Federal law prohibits discriminatory practices during the search and hiring of an employee. Yesterday, I briefed you on some of the steps an employer must comply with in the employment verification process. But there are more:
1. An employer must provide the same job information over the telephone to all callers and the same job application must be given to all applicants.
All termination decisions must be based on the employee's work performance or behavior and not based on the employee's appearance, accent, name or citizenship status.
3. Forms I-9 must be kept on file for a minimum of 3 years from the date of employment or one year after an employee leaves the job - whichever is later.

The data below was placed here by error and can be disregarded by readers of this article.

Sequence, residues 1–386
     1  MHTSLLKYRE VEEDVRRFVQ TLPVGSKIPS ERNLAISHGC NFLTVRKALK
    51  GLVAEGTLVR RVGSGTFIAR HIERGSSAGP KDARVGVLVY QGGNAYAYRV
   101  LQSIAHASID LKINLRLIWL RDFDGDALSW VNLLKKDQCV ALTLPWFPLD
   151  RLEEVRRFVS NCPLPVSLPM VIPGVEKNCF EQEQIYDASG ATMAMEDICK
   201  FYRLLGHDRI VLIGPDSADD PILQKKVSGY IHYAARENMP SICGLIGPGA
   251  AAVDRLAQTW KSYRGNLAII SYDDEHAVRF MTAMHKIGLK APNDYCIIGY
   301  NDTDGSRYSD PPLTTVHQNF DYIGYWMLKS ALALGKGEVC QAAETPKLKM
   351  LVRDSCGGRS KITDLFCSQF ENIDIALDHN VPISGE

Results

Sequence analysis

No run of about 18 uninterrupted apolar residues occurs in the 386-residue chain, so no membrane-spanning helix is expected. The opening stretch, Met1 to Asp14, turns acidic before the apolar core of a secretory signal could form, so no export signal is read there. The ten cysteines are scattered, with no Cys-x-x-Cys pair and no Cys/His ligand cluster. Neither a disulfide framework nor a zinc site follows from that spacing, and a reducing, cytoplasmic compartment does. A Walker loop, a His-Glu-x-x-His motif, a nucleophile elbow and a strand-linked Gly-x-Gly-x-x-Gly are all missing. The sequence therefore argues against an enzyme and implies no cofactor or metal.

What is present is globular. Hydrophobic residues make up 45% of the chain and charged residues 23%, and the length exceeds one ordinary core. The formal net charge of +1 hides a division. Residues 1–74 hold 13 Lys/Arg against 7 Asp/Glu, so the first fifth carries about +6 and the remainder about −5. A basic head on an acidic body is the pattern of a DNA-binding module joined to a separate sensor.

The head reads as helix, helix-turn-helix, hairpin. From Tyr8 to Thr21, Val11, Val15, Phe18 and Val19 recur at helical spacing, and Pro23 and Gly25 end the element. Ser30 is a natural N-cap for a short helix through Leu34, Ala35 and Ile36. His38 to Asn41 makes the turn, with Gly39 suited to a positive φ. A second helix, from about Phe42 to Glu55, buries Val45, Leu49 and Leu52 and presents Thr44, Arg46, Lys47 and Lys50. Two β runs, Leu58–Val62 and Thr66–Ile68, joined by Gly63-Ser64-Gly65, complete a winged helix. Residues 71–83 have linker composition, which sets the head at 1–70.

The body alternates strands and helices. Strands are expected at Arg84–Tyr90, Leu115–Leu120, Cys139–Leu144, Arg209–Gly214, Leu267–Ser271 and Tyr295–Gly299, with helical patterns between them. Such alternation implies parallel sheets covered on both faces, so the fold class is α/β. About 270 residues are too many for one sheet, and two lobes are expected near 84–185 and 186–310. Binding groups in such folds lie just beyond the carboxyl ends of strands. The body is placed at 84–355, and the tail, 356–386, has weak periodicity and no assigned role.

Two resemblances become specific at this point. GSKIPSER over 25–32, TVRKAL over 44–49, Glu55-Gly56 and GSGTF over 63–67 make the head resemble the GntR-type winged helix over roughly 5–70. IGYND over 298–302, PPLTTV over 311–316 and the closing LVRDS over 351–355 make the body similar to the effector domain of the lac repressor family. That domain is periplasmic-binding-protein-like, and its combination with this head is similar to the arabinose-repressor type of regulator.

4. Form I-9 requires verification of identity documents and employment authorization for all new employees, whether they are U.S. citizens or non-U.S. citizens.
5. If it is necessary to reverify the employment authorization of any employee, any valid documents that the employee presents, whether or not they are the same documents that were presented when the employee was initially hired, must be accepted.
6. It should be remembered that U.S. citizenship or nationality is generally acquired by birth within the United States and also in U.S. territories such as Puerto Rico. And of course, a permanent resident of the United States can become a U.S. citizen by completing the naturalization process.
Employment verification law is complex and I recommend that you consult with an immigration attorney to make sure you are following the relevant laws.